I for one viewed time as an enemy while growing up, something I felt I was constantly "short of" - but now I am beginning to view it as one of my most powerful allies.

Laurie in his own life-affirming way knows something about time - and emphasizes that we may have a lot or very little at all; but if the "timing is right" between two (or even more) people, time can invariably bind us all together, with love.


Steps to an Integrity of Mind

During this social media moratorium* I've been doing a wealth of reading - mostly re-reading psychology books such as Drs. Ellis and Harper's A Guide to Rational Living (I started re-reading it yesterday and am almost finished - It's incredible what can be accomplished when you decide to walk away from a computer!) I'm also re-reading much of my "useful resource" library that can be accessed here.

In addition I'm getting out of the house more - just because!

The ability to silence one's chatter to allow one to think, challenge and pose new questions is severely hampered by the "Niagara of words" as Samuel I. Hayakawa once noted. Twitter and Facebook updates with a frequency that is twice or even three times as quick than the human nervous system could possibly parse and understand. If our abstraction processes are routinely incomplete then surely social media networks are passing around discrete packages of shortened information that are whittled down into something almost nonsensical (insofar we are unable to extract meaning from them via our senses.) So why is our mind being littered with tiny tracts and tidbits? Where is our mindfulness in this instance?

In my view, mindfulness is being conscious of your abstraction and subvocalization process - also known as metacognition or "thinking about thinking." You are most likely not reading this post aloud and thus subvocalizing the words. But how often do we sit back and think about what we are telling ourselves about the world?

Usually we are unaware of our own thoughts. These are powerful - they impact on our emotions and behaviors. If the Sapir-Whorf hypothesis and researches of Count Korzybski are held to be valid, our reality is inferred and created by what we tell ourselves and how we derive meaning from the outside world. If we tell ourselves we are a "piece of shit" or unable to handle certain situations we feel we have been trapped in a cage built by our reactions to a largely self-constructed semantic environment.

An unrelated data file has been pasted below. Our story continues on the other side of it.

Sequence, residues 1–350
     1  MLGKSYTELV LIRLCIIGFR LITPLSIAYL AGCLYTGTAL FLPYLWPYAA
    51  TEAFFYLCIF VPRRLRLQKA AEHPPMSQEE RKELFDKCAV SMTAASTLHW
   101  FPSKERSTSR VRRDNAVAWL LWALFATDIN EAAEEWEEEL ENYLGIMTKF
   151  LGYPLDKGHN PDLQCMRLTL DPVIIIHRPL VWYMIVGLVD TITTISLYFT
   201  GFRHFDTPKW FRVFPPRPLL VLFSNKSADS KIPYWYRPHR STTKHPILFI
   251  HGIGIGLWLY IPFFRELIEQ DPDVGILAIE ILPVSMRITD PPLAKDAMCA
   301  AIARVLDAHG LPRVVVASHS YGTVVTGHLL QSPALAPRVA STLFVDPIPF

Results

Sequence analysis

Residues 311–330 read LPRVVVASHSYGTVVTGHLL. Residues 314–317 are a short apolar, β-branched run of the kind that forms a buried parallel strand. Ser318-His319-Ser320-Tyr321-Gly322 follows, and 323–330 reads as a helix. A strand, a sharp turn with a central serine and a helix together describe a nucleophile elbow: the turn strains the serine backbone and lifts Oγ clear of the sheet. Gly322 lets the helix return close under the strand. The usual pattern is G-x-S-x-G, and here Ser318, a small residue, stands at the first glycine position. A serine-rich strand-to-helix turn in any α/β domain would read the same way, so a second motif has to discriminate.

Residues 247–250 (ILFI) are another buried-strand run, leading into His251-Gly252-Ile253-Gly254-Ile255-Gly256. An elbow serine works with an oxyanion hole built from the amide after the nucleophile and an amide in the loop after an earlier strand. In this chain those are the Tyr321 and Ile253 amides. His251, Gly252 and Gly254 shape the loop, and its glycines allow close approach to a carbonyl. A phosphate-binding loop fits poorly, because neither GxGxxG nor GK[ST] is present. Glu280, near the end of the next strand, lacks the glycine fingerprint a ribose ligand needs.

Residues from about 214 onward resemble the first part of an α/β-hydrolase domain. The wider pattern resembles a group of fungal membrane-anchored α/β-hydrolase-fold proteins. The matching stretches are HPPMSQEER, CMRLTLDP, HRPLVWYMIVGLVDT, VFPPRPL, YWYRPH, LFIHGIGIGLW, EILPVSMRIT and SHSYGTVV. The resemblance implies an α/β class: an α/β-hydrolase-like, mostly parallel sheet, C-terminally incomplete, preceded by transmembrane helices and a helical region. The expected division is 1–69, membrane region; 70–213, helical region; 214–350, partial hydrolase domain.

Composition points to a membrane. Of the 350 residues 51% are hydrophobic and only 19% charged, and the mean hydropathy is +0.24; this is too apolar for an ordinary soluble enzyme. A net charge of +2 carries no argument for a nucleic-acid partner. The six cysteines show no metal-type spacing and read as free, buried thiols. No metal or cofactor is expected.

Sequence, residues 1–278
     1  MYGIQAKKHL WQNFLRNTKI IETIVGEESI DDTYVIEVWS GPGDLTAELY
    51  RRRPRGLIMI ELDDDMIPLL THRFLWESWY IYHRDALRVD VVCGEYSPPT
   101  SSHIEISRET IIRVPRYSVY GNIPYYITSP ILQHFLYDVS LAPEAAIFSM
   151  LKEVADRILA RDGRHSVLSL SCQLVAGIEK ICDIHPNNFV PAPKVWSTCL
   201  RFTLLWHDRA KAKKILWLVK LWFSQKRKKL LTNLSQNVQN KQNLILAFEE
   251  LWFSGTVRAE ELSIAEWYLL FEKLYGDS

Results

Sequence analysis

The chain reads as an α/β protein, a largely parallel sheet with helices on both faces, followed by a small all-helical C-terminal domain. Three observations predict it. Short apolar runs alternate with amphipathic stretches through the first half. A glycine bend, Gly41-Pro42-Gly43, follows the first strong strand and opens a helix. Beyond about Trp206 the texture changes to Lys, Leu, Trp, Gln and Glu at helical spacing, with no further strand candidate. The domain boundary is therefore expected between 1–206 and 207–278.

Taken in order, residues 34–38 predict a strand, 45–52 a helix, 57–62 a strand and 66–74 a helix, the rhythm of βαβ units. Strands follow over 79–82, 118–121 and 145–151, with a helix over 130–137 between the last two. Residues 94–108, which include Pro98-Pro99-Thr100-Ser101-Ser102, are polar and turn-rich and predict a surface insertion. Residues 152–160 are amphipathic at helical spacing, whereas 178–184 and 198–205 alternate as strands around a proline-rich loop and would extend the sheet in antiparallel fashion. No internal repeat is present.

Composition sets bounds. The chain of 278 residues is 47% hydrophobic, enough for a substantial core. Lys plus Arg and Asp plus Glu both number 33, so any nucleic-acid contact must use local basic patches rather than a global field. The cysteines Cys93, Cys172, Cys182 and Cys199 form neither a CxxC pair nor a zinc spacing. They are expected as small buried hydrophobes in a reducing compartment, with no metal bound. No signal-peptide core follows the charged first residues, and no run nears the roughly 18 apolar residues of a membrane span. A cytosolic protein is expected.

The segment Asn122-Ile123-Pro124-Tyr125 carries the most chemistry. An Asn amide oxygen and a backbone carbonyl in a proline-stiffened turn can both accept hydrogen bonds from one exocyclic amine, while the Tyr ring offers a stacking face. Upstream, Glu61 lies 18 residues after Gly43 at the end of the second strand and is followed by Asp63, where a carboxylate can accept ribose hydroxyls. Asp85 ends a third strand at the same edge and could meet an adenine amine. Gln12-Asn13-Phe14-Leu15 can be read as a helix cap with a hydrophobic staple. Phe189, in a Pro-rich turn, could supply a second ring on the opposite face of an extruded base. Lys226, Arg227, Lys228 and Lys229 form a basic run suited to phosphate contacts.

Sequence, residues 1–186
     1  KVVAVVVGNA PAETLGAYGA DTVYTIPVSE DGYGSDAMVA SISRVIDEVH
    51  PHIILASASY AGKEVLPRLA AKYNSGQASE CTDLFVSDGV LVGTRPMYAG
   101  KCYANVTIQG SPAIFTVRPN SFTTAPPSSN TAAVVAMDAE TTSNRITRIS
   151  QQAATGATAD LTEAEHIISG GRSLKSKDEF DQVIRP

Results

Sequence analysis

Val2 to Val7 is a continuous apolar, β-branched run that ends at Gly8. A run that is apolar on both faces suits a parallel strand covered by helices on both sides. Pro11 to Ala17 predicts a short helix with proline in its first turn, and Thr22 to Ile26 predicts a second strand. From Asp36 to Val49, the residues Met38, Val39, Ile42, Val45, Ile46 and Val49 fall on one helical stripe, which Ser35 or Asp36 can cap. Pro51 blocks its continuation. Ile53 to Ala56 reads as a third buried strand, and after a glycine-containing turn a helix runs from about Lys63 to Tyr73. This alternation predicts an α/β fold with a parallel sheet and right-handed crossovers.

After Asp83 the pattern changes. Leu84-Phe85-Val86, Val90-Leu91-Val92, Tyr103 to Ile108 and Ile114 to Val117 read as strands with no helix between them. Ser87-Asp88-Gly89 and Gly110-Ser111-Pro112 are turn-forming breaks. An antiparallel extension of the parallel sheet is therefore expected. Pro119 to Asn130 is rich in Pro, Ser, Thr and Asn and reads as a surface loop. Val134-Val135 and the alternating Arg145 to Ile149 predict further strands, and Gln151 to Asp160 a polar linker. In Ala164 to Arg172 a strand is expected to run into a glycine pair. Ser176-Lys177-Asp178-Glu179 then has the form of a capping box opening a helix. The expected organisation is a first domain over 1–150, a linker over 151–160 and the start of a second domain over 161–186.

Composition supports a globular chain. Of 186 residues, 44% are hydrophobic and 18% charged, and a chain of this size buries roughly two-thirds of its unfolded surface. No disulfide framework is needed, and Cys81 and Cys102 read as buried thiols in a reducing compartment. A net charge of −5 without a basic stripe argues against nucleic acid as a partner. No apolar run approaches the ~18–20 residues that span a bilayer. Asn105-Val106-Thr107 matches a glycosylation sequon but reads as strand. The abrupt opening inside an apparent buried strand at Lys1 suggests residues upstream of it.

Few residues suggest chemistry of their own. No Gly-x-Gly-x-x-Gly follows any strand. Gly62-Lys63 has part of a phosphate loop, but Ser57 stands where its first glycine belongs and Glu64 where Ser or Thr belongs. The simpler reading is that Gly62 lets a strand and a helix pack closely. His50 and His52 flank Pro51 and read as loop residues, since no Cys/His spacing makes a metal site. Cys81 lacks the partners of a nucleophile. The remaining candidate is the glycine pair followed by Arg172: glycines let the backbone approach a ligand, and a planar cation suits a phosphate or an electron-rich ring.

It is true - we only have limited choice when considering the vastness of the cosmos and the immediate macrocosm that we see. Standing on the corner of the street we can choose what direction to travel and whether to peruse a shop, book a holiday or even chat up a girl we find attractive but causality remains. But there are some things we cannot prevent and other things we are completely incapable of. But that does not make life unlivable, harrowing or awful. We adapt to our environment as best as possible and carve out happiness within it.

The universe is indifferent but the way we choose to see it is up to us entirely. Even if one is a cognitive neuroscientist, a believer in the eight-circuit model of consciousness or a strict religionist or somewhere in between, we all choose to adapt to these methods of thinking - no one forces us. At the end of the day we are alone in how we conduct ourselves and how we perceive the outside world. Belief is the death of intelligence. Belief in the irrational is the death of one's agency and one's mental freedom.

Much like Marcus Aurelius says - Do you not possess reason? With reason doing its job, what else could you possibly want or need? It can feel like a struggle to become rational in an increasingly irrational world - but, at least in my opinion, it is one of the most worthwhile endeavors one can ever take.

*I am aware that some of my non-social media activities on the web cause automated tweets to be sent, such as posting this blog or "loving" tracks on, etc. This does not constitute a "breaking" of the moratorium according to my criterion.


Renovation of the Soul

If there's nothing to be learned in life then in my opinion, you aren't living life. This past week has been full of anger, tumult, hate, love and renewal. Just today I was caught between bliss and indignation, the latter caused by a failure to stop and take repose. In moments of intense pressure, the head takes flight and the heart gears for war.

Rationality has no meaning and in some cases, the sounds coming out of one's mouth would sound almost foreign to you and others in calmer moments. A industry colleague of mine, after unjustly calling him "unprofessional" (I later apologized and thanked him for his good work and kind words) advised me to "kick back."